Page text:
Panama City Beaches (ie, Coronado area), Panama

More Postcards From Paradise


My project to finish the little casita on our property in Boca Chica got off to a rough start: I fell down the hill and cracked my ribs.  Stupid me.  Jorge, the 21-year old helping us, had already fallen going down the hill, but I thought I knew better.  Not so!  Guess I need to start acting my age.  So we lose a couple of days.  It only hurts when I laugh, sneeze, or turn in bed.

It’s taken a while but Boca Chica is starting to get “on the map” as a Pacific resort area.  There have always been fishing lodges like my neighbor Bruce’s Gone Fishing Panama.  Just off shore is the huge Chiriqui Marine Sanctuary with an abundance of giant fish, dolphins, whales and even whale sharks.  Palenque Island which is being developed as an upscale resort community.  A week here for a couple during the “green season”  (i.e. rainy season) runs from $3000 to $4200 in an ocean suite.  A more affordable new resort is Bocas del Mar just across the water from us where rooms go from $139 to $200 during the “green season”.  And, by the way, the “green season” or rainy season is my favorite time in Panama!  First everything is lush green.  It generally will rain, sometimes hard, sometime in the late afternoon, but usually the mornings are bright, blue and sunny with clouds building up after lunch and a thunder storm in late afternoon, just about the time you are ready to curl up with a book and my newly discovered “Panama Red” rum.

OK, it's tiny, but bigger than a lot of suites on cruise ships!

OK, it’s tiny, but bigger than a lot of suites on cruise ships!

Paradise Lost

Not exactlyESCAPE TO PARADISE but a movie entitled “Paradise Lost” will be shot in Chiriqui starting next week.

“Paradise Lost”, a romance-thriller involving the niece of late Colombian drug kingpin Pablo Escobar, to be played by Puerto Rican actor Benicio del Toro . . .The source refused to give details about when the shooting would begin or at what precise locations, saying the production company has asked for “maximum discretion”.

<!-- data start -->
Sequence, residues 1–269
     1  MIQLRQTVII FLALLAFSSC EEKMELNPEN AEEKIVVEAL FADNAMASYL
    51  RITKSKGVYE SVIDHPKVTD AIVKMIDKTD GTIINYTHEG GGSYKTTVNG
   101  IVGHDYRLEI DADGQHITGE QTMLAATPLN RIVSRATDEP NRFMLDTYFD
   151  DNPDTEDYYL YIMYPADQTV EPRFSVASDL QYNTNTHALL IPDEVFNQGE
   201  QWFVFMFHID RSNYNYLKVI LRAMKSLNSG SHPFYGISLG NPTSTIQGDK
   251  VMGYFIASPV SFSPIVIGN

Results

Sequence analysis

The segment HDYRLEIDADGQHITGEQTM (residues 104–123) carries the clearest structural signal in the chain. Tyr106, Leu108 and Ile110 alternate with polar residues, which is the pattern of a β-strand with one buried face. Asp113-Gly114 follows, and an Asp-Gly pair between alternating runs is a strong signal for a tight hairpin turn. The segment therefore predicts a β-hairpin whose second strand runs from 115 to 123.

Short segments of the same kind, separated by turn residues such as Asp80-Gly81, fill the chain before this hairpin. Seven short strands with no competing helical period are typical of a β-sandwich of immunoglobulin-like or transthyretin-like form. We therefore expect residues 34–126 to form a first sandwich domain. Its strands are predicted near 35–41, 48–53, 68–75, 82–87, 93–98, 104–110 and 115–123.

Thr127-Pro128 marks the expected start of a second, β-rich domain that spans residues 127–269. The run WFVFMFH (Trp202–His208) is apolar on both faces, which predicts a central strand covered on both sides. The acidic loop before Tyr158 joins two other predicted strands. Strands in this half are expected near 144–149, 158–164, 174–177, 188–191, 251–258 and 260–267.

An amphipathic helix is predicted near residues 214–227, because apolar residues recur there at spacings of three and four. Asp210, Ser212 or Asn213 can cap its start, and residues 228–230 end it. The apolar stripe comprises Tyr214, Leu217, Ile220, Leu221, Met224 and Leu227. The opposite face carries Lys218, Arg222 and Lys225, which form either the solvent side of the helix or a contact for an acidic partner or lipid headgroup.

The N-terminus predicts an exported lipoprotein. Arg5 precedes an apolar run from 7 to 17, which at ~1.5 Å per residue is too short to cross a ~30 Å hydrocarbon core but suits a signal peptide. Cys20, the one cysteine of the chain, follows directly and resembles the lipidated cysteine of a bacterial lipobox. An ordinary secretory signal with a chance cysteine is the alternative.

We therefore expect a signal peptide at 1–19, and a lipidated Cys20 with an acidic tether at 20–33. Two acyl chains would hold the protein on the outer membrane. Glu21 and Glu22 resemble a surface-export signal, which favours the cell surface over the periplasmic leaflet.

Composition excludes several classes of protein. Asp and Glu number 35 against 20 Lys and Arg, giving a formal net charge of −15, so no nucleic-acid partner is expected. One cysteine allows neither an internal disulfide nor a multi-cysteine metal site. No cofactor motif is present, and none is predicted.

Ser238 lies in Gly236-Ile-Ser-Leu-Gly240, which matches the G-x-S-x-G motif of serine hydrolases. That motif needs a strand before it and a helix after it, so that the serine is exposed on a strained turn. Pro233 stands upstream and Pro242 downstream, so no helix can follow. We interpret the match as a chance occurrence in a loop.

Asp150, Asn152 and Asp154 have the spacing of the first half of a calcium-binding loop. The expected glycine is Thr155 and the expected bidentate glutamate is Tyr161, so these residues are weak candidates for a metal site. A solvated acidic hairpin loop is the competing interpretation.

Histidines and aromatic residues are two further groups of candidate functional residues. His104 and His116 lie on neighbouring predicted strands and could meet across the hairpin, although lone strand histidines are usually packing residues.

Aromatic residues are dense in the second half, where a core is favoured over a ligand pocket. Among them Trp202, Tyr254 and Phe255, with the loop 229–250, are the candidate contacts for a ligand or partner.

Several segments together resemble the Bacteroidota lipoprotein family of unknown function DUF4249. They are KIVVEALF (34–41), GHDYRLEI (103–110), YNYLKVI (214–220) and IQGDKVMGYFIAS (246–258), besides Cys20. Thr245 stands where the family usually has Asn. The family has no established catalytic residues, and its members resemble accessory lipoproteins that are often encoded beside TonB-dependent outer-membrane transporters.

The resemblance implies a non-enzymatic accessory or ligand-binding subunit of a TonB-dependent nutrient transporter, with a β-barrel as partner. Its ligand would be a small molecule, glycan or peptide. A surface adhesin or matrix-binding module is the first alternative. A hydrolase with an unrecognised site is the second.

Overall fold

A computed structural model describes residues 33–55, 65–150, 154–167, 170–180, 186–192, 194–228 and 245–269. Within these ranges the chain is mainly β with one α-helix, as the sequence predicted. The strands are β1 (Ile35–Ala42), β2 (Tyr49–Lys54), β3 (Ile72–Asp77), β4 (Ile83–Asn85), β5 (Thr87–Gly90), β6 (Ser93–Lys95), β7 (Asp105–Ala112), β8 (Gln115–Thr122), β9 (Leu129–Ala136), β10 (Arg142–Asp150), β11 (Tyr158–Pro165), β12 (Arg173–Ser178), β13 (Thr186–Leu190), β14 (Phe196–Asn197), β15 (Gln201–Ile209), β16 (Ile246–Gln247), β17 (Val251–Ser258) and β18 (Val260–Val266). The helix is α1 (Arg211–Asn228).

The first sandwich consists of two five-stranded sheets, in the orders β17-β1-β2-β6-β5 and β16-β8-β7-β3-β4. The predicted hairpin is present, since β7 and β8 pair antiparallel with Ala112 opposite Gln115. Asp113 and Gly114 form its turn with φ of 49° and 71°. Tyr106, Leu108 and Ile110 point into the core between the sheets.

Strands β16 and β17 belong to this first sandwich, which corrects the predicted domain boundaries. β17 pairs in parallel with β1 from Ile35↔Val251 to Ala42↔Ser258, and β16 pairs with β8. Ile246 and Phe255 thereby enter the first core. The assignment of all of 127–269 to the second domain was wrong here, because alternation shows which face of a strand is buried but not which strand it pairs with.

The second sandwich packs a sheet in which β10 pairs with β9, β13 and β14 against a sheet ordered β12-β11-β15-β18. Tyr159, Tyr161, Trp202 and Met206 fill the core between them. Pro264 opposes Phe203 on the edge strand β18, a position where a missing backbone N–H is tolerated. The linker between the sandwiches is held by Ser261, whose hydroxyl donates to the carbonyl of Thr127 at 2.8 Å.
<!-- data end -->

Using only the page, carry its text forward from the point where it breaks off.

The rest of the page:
But media outlets said some technical staff had begun arriving in Panama, while Del Toro, 46, will be in the Central American country next week when filming starts in the western province of Chiriqui, which borders Costa Rica, and Cerro Azul, a mountainous area outside Panama City.

The film will be the directorial debut of Italy’s Andrea Di Stefano, who also wrote the screenplay. As an actor, Di Stefano has appeared in more than a score of TV productions and movies, including Taiwanese-American filmmaker Ang Lee’s “Life of Pi”.

“Paradise Lost” tells of the romance that develops between Pablo Escobar’s niece, Mary, and a surfer named Nick (Josh Hutcherson), who falls in love with the young woman during a trip to Colombia.

Hunting For Scorpions

scorpion light Our friend and neighbor, and renter of our casita, Shaun, has officially become Panamanian – all in less than 2 months! They’ve bought a house, a car, opened a bank account, and their container is even already here and sitting at Chiriqui storage awaiting the move in date for their new home. Does all that make you officially “Panamanian”? No! But the other day, on his birthday no less, Shaun dutifully shook out his slippers before putting them on, but never-the-less there was a scorpion inside! A big sucker! So now having been bit by a scorpion, even although he hadn’t managed the appropriate swear words in Spanish, Shaun is officially Panamanian!

James send me the picture of the black light flashlight. James has been here checking out Panama on several Panama Relocation Tours and he is now packing up his container for the move. Wisely, he ordered the black light flashlight from Amazon so he could go “scorpion hunting” when he gets here. Like tee-shirts washed in Tide, in the black light the scorpions show up a brilliant white!

Speaking of the Panama Relocation Tour . . .

Panama Relocation Tour Wine & Cheese at our house

Panama Relocation Tour Wine & Cheese at our house

How do you think James knew to pack a black light flashlight?   I doubt if that practical fact is mentioned on the pricey real estate relocation tours that are pitched by companies whose business is getting folks to Panama and where the presenters generally pay to participate.

The Panama Relocation Tours are boots on the ground tours where nobody is selling anything.  You just get to see, and experience what life is really like in Panama in many of the areas expats like to call home.  Of the recent tour, 1/3 of the group, three couples, are escaping to paradise.  One couple to Volcan, another to Valle Escondido in Boquete, and a third planning to come down and rent and explore further.  My connection?  My book ESCAPE TO PARADISE: LIVING & RETIRING IN PANAMA is the textbook and required reading for tour participants.  And whenever we are in Panama we always have everyone over to our house for wine and cheese.